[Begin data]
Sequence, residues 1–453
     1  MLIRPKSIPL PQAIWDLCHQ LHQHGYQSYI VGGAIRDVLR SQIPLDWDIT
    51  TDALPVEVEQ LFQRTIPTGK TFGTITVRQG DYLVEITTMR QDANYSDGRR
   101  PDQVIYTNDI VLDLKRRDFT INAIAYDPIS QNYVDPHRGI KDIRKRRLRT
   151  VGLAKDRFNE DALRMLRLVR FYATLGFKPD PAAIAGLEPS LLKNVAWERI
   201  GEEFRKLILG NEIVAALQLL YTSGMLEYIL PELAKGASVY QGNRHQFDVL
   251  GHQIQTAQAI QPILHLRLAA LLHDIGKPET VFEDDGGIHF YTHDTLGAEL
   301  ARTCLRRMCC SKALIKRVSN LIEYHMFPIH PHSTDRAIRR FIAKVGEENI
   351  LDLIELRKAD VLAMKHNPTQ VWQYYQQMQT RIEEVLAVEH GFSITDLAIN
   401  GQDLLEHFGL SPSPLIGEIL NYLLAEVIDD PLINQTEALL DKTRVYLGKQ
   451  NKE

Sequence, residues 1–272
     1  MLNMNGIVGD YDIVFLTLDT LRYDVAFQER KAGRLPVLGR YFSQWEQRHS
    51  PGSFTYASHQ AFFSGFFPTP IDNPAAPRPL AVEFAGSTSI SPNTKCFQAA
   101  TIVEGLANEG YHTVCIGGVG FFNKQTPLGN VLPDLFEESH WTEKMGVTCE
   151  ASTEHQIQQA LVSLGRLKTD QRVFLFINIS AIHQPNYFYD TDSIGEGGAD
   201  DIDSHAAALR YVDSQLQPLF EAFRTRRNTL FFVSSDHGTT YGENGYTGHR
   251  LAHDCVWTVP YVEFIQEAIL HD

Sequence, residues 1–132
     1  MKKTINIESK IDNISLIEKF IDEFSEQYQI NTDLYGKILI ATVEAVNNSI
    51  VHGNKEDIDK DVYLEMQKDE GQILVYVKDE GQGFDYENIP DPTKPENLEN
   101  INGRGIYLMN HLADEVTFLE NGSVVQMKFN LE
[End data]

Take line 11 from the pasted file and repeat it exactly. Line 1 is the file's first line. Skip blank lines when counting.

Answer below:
   451  NKE